Agilent’s Schaefer has the world in his sights

Filed under: One on One |

Jerry Schaefer is director of global financial services for Agilent Technologies.

In a growing age of globalism, it’s becoming more common for corporations down the street from your house to oversee operations around the planet.

Jerry Schaefer works for one of those corporations, Agilent Technologies. He is the director of Agilent Global Financial Services, and keeps an eye on Agilent’s financial offerings around the world from here in Colorado Springs.

When his focus is not on business matters overseas, it’s at home – where he invests time mentoring the city’s young people.

Schaefer took time recently to tell CSBJ about himself and his business.

Organization: Agilent Technologies Inc.

Position: Director of Agilent Global Financial Services and general manager for the Colorado Springs site.

Hometown: Born and raised in Baltimore, Md.

How long have you lived in Colorado Springs: In Colorado since 1992 (Loveland) and in Colorado Springs since 1995

Education: University of Southern California, master’s degree in business administration; University of Maryland, Baltimore County, bachelor’s degree in mathematics and economics.

A few words about your company: Agilent is the world’s largest test and measurement company, serving customers in more than 110 countries.

Recent accomplishments: When Agilent separated from HP in 1999, I was selected to create the worldwide financial services function. We transformed from just “getting the job done” (payables, receivables, general accounting, etc.) to a globally recognized financial shared services organization.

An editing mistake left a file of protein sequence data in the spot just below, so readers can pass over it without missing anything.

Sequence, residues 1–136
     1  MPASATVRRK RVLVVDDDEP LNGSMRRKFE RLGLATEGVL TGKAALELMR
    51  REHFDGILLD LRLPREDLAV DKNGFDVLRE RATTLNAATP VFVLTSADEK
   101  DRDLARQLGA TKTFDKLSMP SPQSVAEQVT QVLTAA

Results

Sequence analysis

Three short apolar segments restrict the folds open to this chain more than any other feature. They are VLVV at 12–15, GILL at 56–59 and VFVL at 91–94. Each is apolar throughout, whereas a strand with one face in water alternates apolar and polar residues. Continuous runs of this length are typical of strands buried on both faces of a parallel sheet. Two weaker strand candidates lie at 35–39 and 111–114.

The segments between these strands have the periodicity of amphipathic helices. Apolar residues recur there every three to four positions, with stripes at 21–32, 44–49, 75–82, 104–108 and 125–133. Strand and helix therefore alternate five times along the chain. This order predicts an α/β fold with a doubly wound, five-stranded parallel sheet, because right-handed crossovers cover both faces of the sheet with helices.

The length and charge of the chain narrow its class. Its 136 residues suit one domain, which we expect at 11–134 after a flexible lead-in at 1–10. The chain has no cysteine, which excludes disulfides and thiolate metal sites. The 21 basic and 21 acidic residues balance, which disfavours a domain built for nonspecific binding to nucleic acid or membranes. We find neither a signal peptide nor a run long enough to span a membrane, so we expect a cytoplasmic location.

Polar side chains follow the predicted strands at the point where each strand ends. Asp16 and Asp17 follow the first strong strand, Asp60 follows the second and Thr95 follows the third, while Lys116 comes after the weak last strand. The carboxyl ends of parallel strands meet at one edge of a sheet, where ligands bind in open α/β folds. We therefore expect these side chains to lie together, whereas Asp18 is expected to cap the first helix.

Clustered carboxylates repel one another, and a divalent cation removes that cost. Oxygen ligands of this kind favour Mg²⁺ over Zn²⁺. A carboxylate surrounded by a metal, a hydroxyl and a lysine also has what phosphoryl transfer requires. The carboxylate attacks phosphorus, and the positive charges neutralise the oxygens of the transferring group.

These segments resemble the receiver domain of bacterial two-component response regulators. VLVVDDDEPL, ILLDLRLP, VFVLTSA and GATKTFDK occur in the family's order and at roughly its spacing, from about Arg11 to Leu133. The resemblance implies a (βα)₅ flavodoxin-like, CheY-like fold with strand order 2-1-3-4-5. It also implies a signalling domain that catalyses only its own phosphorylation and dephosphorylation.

Biggest career break: My first eight years with HP were in information technology with a lot of support provided to the accounting and finance. The financial reporting manager job became available and the controller took a chance on moving an IT guy into this lead finance role.

The toughest part of your job: Providing services globally requires rationalization of where services are provided, and often requires downsizing. It is important to treat people with dignity and respect while having open and honest communication with them about staffing reductions.

Someone you admire: My older brother, Jim. He was in an automobile accident at age 21 and became a quadriplegic. I became a primary caregiver to him for the next 10 years. I admired his courage in the face of great adversity, how he made other people comfortable and at ease when he interacted with him, and how much he deeply appreciated the help and friendship of others.

About your family: I met my wife, Yvonne, 22 years ago while I was working at HP in Maryland and she was a registered nurse at the National Institutes of Health. We were married a year later. My son Edward is a sophomore at Colorado State University. My daughter Susan is a senior in the Palmer High School International Baccalaureate program. My son Charles is a sophomore at Shattuck-St Mary’s high school in Faribault, Minn.

Something else you’d like to accomplish: I will be leaving Agilent at the end of January and will be starting fresh on a new opportunity yet to be decided. I’d like to remain in Colorado Springs if the right opportunity presents itself.

How your business will change in the next decade: Shared services will see a greater movement toward the integration of the service delivery of IT, finance, human resources, procurement and other services necessary to a business, but not core to the corporate value proposition.

What book are you currently reading? “The World is Flat” by Thomas Friedman. I just finished “The Tipping Point” by Malcolm Gladwell and “The 5 People You Meet in Heaven” by Mitch Albom.

What is the one thing you would change about Colorado Springs? A metro system that would service the city and the growth to the east. While the short-term financials may not support it, we should be taking the longer view to keep the city vibrant.